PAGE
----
Millipedes are those long black bugs with what seems like a million tiny legs that you see crawling in your bedroom windows and that curl into a tight ball when threatened. They won’t bite you, but they can emit a smelly fluid that might irritate your eyes or skin. Though they’re not harmful to your family, they can be a nuisance in large numbers. Here are more millipede facts to help you better understand these many-legged creatures.
Millipedes are arthropods. While they may resemble thousand-legged worms, millipedes are, in fact, not worms but arthropods, meaning they are invertebrates with an exoskeleton, a segmented body and jointed appendages.1
Millipedes are some of the oldest creatures to walk on land. Fossilized evidence show that a millipede-like creature was one of the first and largest invertebrates to walk on land at six feet long and one and a half feet wide.2 One particular fossil has been traced back 420 million years and was named Pnueumodesmus newmani for the person who discovered it.
Millipedes are nature’s little recyclers. They are detritivores, meaning they feed on dead plants and animals. The millipedes' snacking recycles nutrients back into the soil at a much faster rate than plants and animals decomposing naturally. Ranging in size from one-quarter to even 15 inches long, millipedes play a large role in breaking down nature’s waste.
Millipedes love damp spaces because they require moisture to live. That’s why you’ll mostly find them around your crawl spaces, damp basements, cellars and sliding glass doors/windows—if you find them inside your home at all. Millipedes much prefer the outdoors, making their homes under mulch, compost, stones and leaf piles.3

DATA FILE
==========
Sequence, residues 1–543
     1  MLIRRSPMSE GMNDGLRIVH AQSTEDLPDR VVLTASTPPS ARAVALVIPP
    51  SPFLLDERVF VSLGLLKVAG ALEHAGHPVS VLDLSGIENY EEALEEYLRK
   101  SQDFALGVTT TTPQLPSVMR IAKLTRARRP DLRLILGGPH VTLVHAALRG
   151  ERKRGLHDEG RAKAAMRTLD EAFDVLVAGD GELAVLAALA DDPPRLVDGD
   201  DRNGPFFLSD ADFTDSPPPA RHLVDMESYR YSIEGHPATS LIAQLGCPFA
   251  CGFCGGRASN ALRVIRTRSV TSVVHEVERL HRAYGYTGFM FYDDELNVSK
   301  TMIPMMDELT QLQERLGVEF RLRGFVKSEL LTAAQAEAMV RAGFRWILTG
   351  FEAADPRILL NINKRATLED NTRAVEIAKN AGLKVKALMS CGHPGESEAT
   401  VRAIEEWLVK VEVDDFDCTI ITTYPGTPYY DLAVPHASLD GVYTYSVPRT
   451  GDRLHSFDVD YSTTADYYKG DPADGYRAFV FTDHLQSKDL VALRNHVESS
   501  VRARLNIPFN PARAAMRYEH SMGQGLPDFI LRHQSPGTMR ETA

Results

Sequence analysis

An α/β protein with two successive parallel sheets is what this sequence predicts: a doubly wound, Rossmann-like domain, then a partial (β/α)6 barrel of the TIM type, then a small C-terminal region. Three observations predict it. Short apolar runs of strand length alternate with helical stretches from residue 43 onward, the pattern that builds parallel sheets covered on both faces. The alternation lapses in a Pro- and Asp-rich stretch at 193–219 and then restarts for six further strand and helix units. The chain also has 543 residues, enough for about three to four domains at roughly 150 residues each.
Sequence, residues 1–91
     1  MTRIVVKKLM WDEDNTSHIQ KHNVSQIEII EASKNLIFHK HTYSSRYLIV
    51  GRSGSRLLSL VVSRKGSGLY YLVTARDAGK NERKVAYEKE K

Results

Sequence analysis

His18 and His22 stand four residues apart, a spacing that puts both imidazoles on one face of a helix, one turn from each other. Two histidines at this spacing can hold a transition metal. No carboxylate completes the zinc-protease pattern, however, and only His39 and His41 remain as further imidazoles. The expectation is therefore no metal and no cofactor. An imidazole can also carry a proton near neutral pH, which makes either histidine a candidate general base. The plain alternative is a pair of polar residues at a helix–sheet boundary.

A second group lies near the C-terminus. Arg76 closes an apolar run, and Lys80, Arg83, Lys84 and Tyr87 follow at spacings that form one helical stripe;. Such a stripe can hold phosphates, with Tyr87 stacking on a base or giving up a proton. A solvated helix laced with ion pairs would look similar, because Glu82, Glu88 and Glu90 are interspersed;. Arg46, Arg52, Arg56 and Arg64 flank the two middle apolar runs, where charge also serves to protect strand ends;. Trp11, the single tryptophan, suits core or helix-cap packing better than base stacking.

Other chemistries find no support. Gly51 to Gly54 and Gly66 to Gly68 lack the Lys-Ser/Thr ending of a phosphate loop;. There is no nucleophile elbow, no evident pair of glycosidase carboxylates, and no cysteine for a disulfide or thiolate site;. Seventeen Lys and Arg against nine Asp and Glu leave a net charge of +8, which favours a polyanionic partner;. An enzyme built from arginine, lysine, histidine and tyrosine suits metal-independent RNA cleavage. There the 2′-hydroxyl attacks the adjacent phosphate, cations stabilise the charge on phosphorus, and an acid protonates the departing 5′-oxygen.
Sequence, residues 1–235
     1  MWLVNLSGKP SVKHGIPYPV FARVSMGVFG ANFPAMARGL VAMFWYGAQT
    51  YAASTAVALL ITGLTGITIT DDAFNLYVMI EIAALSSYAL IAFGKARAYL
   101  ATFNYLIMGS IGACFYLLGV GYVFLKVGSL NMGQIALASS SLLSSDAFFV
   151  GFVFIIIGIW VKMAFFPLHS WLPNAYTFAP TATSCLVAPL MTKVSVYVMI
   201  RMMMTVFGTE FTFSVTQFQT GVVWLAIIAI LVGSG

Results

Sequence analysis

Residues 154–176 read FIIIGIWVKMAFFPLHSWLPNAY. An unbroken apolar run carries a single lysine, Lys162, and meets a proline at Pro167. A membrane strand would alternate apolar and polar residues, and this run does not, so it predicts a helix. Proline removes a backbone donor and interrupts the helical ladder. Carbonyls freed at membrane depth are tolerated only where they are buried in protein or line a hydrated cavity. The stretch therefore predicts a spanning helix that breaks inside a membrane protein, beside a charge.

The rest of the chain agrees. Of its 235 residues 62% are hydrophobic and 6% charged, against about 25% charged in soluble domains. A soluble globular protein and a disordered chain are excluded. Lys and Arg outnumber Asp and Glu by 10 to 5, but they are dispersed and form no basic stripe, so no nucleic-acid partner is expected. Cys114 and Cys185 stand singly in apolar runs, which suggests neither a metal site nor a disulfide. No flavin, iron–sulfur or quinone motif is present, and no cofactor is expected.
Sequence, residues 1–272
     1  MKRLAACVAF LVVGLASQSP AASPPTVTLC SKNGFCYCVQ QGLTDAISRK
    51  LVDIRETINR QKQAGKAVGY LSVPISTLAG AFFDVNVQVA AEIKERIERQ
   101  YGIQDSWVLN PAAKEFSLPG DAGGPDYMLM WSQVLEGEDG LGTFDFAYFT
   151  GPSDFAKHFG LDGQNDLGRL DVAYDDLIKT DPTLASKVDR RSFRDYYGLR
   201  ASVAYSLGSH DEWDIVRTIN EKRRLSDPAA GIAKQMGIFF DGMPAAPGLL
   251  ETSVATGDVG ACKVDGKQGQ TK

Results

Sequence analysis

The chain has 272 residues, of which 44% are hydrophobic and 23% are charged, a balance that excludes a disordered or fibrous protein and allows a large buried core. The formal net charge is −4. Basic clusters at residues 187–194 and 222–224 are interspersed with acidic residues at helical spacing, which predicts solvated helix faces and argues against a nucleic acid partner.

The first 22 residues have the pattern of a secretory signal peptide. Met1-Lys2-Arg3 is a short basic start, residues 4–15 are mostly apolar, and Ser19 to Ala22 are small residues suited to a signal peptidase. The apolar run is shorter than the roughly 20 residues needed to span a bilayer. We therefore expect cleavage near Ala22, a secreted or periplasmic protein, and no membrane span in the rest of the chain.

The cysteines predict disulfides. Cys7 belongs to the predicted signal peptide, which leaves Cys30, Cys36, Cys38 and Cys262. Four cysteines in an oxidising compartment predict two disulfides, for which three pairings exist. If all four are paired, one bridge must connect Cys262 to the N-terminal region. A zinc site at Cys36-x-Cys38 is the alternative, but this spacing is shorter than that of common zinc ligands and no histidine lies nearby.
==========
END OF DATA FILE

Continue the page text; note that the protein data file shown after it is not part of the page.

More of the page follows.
Although a millipede’s natural home is not inside your home, you may find them in the spring and fall after long periods of rain or drought. But they won’t be there for long. Because millipedes require such high moisture levels, they usually die within one to two days inside a home. So if you have an infestation, simply wait out the “invaders” and vacuum up the remains.4
Millipedes do not have a thousand legs. A hatchling is born with only three pairs of legs and can grow up to 200 as an adult. They have two pairs of legs per body segment. This is the main difference between millipedes and centipedes, since centipedes only have one pair of legs per segment.
Millipedes protect themselves by curling up into a spiral whenever they feel threatened. This protects their soft undersides. They also curl into a spiral when they die.3
Millipedes and centipedes, while related, are very different. Millipedes' bodies are rounder, while centipedes have a flatter appearance and elongated antennae. Centipedes are also much quicker than millipedes. The most important difference is that centipedes are carnivores and some species can bite. A centipede’s bite is quite painful and its venom can cause health problems. If you suspect you or a loved one may have been bitten by a centipede, be sure to consult a physician.6,7
When you understand the facts about millipedes, you can better prevent them from entering your home or from panicking should you find that one has made its way inside.